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Derin Clark

Online Reporter
Published: 09/07/2020
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Consumers looking to buy a property could save up to £15,000 due to the Government’s stamp duty holiday, which was announced by the Chancellor during his summer statement yesterday.

The temporary removal on stamp duty was announced by Chancellor Rishi Sunak, who revealed that it would be temporarily removed on properties valued to a maximum of £500,000 until 31 March 2021. During his announcement, the Chancellor stated that the stamp duty cut would save the average house buyer £4,500.

To find out how much consumers will really save, we have looked at the different types of house buyers and how the stamp duty holiday will impact their costs.

How must stamp duty will you pay?

For residential properties in England and Northern Ireland, purchased between 8 July 2020 and 31 March 2021, stamp duty will only be applied on homes valued at £500,000 or over. The below table shows the amount that will be charged on properties valued over £500,000.

Property or lease premium or transfer value Stamp duty rate
Up to £500,000 Zero
The next £425,000 (the portion from £500,001 to £925,000) 5%
The next £575,000 (the portion from £925,001 to £1.5 million) 10%
The remaining amount (the portion above £1.5 million) 12%


How much will first-time buyers save?

First-time buyers were already exempt from stamp duty on properties valued up to £300,000 (£500,000 in London). This means that it is only first-time buyers looking to purchase a property valued between £300,000 and £500,000 outside of London who will benefit from the Government’s stamp duty holiday.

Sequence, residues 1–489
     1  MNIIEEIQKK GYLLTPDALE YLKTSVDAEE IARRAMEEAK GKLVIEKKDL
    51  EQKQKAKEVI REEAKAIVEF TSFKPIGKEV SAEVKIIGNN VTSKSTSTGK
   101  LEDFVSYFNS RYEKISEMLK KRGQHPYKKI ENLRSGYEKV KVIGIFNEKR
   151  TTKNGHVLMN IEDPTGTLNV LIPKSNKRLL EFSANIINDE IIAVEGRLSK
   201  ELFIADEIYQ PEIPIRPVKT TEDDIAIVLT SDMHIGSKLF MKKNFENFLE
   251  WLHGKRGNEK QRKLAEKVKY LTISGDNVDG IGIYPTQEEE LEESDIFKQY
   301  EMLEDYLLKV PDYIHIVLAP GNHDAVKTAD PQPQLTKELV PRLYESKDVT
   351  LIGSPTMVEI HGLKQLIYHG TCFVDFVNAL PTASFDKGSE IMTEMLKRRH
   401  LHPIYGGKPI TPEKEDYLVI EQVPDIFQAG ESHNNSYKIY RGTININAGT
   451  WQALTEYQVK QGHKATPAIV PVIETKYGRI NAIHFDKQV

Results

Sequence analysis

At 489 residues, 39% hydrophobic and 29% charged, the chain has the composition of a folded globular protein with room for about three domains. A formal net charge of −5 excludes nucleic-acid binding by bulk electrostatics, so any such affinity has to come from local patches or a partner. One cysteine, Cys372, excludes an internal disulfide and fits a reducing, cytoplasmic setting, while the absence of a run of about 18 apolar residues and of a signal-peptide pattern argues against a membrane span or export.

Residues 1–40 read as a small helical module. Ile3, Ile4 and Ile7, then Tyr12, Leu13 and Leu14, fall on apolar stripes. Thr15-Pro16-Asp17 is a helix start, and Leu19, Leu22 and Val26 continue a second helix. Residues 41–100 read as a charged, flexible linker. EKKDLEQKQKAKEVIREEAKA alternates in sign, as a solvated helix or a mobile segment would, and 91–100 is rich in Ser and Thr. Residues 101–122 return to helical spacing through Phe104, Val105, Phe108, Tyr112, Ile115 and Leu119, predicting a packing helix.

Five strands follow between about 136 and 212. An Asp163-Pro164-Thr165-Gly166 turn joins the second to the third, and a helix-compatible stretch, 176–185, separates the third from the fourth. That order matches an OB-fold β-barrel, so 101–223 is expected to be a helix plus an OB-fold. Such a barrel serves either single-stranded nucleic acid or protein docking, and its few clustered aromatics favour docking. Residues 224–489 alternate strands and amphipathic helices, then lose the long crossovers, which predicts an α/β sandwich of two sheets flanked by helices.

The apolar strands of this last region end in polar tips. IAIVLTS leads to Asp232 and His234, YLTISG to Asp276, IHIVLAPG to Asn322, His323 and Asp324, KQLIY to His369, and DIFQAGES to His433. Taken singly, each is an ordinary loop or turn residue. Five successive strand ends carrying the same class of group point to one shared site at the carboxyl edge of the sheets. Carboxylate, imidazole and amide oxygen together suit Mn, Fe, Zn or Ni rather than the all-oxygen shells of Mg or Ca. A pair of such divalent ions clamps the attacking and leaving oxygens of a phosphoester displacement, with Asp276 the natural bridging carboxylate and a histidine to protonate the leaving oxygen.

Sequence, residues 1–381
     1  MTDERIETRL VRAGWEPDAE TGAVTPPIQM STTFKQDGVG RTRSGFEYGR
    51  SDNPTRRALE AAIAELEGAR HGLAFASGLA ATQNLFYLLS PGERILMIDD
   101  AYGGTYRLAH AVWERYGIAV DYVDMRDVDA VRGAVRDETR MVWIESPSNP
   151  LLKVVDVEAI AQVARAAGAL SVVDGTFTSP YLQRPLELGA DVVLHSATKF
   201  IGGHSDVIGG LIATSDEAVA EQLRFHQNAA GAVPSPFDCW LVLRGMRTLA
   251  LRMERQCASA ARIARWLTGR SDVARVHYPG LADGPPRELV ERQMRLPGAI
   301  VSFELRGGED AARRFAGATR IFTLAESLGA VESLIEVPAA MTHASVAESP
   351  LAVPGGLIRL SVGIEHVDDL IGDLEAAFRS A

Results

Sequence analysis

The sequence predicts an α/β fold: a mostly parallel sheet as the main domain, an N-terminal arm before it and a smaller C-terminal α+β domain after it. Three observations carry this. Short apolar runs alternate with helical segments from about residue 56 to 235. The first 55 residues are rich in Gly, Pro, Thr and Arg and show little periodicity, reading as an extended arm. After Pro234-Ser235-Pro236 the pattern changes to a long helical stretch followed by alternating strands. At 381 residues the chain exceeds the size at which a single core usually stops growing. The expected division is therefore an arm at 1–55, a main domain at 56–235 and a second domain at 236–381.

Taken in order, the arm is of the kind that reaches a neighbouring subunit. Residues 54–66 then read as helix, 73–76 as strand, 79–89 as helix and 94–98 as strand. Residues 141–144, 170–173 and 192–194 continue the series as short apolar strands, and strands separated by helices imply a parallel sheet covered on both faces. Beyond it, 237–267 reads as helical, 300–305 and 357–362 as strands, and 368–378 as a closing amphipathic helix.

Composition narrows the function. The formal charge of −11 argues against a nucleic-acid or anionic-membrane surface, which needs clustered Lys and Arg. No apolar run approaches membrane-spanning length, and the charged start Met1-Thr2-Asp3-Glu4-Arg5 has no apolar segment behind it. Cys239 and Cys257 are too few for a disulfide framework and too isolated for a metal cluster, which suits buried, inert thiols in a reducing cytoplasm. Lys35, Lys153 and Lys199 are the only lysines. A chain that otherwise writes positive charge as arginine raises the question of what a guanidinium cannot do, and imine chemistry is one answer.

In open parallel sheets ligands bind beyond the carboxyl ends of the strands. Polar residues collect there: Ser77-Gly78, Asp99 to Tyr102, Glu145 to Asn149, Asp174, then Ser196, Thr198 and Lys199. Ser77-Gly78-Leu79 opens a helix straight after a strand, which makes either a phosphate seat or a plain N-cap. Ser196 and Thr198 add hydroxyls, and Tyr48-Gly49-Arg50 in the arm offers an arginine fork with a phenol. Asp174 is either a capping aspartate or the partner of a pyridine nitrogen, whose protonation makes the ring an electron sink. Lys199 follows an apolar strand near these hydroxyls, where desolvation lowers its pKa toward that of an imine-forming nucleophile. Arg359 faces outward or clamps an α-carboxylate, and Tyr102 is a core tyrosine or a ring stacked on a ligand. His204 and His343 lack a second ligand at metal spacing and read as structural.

Using our stamp duty Calculator, we calculated that under the stamp duty holiday, a first-time buyer outside of London buying a property valued at £310,000 will save £500. Alternatively, first-time buyers purchasing a home valued at £450,000 would save £7,500.

In reality, it is unlikely that many first-time buyers will be purchasing properties above £300,000 and even less likely properties valued between £400,000 and £500,000 – as such it is expected that the stamp duty holiday will offer few first-time buyers savings. In addition to this, as many lenders have been withdrawing mortgages at a 90% and 95% loan-to-value (LTV), first-time buyers with a 10% deposit may struggle to get a competitive mortgage deal until competition returns to the market.

First-time buyers who are currently looking to buy their first home should consider speaking to a mortgage broker, as they will often be able to compete for the most competitive first-time buyer mortgages.

How much will those moving home save?

For those who are not first-time buyers, stamp duty was previously added to all properties valued at £125,000 and over. This means that those looking to move home will likely benefit more than first-time buyers from the stamp duty holiday. Indeed, someone moving home to a property valued at £310,000 will save £5,500 under the stamp duty holiday. Meanwhile, someone moving to a property valued at £500,000 will save £15,000 if they buy the property before the 31 March 2021.

Consumers moving home will also benefit from competitive rates available in the moving home mortgage charts. In fact, last month we reported that the average 60% and 80% LTV mortgage rates have fallen since January.


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